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It’s an identity day in the neighborhood

The user-centric identity gang is all here.

Next week, it’s the 14th edition of the Internet Identity Workshop – now just called IIW – a collection of technologists, developers and dwellers from the identity weeds who grow ID from the ground up. This isn’t an end-user conference with a tchotchke prize list. What gets hashed out here is likely to end up in your enterprise products, your cloud services or your mobile devices.

This year, the conference kicks off with a backdrop of mounting privacy concerns across both government and privacy groups, the proliferation of devices, the emerging API economy, the deterioration of the password and the almost-completion of both OAuth 2.0 and OpenID Connect.

As always, the agenda gets created in real-time, but some of the emerging popular topic choices, as listed on the IIW website, include the two protocols mentioned in the last paragraph, the National Strategy for Trusted Identities in Cyberspace, trust, trust frameworks, personal data stores and emerging cloud identity work such as the Simple Cloud Identity Management spec.

All of these will go through the discussion mill.

Conference co-founder Phil Windley, who is also Founder and CTO of Kynetx and a self-proclaimed voider of warranties, says IIW is unique because it doesn’t start with an agenda – figuratively and literally.

“This is about a community of people interacting. People have the conversations they want to have,” he says.

This year, he has ideas which ones may standout.

Windley’s co-founder Doc Searls (the other co-cofounder is Kaliya Hamlin) has just published another book. This one, “The Intention Economy,” is a book for customers. Customers, Searls claims, are ready to break the shackles that vendors have traditionally put on them.  

Searls, along with others he thanks in the book, has worked tirelessly on his Project VRM (vendor relationship management), the seed for the book, at Harvard’s Berkman Center since 2006.

Two other prominent conversations, Windley predicts, will revolve around trust at Internet scale facilitated by the Open Identity Exchange. The other is around User Managed Access (UMA), under the guidance of Eve Maler, singer, song writer, Forrester Analyst and chief UMAnitarian. UMA gets at putting the user in control of their data and a number of UMA participants are headed to IIW.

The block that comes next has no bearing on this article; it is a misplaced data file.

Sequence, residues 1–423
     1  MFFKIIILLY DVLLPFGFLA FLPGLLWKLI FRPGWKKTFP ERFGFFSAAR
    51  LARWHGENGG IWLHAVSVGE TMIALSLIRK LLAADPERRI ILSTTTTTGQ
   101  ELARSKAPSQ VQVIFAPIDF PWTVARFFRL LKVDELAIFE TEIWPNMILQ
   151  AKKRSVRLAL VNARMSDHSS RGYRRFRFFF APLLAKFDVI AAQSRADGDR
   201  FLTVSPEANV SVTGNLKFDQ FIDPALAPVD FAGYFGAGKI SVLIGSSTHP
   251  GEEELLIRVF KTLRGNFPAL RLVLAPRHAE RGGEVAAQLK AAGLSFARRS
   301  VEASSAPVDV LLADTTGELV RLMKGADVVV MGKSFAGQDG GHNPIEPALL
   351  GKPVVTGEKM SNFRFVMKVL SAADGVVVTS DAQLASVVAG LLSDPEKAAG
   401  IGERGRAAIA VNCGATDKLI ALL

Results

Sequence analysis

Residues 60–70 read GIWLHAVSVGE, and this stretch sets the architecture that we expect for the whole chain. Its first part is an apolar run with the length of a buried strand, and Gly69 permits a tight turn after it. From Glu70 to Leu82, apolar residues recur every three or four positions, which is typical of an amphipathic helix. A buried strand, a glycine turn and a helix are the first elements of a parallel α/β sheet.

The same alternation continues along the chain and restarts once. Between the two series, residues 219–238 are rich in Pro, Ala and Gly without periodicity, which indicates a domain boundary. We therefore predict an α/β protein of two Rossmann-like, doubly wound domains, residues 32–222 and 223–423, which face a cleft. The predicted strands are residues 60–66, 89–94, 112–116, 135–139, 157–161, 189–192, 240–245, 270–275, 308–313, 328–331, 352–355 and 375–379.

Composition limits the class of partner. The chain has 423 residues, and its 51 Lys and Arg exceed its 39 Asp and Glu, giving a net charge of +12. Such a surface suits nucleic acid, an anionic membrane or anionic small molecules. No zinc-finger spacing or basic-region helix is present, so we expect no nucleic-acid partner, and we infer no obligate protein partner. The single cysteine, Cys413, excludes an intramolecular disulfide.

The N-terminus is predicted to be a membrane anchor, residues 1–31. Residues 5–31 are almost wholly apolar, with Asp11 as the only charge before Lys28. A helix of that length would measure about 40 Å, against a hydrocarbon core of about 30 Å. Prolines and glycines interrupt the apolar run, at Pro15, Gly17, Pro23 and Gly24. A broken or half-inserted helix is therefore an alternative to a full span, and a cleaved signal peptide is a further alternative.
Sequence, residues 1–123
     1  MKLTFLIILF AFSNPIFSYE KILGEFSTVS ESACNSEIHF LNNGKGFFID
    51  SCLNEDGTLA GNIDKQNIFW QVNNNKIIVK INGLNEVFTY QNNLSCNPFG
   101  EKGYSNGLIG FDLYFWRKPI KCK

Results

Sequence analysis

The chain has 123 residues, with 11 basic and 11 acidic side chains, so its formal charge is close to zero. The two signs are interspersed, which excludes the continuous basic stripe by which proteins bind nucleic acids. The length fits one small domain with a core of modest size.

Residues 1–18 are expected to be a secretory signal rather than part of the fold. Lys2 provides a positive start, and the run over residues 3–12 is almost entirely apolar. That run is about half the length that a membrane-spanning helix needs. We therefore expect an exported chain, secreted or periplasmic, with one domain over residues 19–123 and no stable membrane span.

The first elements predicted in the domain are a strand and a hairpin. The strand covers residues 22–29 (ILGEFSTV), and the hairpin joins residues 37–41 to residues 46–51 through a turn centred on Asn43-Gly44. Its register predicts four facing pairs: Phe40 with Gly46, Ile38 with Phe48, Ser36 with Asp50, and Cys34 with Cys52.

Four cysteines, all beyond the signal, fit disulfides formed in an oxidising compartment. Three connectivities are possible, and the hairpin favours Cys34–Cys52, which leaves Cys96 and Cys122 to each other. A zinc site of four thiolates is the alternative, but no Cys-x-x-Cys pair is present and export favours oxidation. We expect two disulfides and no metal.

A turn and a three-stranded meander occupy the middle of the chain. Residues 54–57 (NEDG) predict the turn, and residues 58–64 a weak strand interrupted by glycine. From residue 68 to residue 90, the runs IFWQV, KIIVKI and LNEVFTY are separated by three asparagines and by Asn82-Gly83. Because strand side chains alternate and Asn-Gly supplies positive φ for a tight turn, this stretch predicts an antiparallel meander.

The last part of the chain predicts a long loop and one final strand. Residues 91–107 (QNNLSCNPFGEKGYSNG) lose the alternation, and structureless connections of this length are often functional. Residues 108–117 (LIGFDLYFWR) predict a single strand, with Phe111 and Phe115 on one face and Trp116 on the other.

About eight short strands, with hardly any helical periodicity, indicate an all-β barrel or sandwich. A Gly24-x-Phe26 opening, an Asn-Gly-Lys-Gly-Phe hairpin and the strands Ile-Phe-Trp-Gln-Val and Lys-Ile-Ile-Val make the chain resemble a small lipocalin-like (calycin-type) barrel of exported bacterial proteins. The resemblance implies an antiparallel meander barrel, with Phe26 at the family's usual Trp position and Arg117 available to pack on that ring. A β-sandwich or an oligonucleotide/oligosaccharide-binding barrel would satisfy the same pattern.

Two other conversations not on Windley’s list but with predictable pull are NSTIC and OAuth + derivatives (including UMA).  

The Obama Administration’s NSTIC effort has been funded to the tune of $16.5 million. There have been 27 finalists selected to compete for funding for the pilot programs they proposed, and the NSTIC Program Office finally has some staffers to help out leader Jeremy Grant. What’s next? Getting on a fast track to tangible progress.  What that progress will look like will certainly get the once over at IIW.

OAuth 2.0 and OpenID Connect have been flirting with completion that has been like watching the ball drop on New Year’s Eve in Times Square – in slow motion. I know, these things take time. And no disrespect to the hard work already completed. OpenID Connect, which is built on top of OAuth 2.0, is in an Implementer’s Draft. OAuth 2.0 is near the finish line at the Internet Engineering Task Force. No one is doubting the promises this duo holds such as securing APIs (OAuth) and anchoring user centric ID on the Internet (Connect), but it’s time for the gut check. The Connect working group plans to work on its session management spec at IIW.

If your not planning to attend, the next best thing is to follow on Twitter at #iiw.

 

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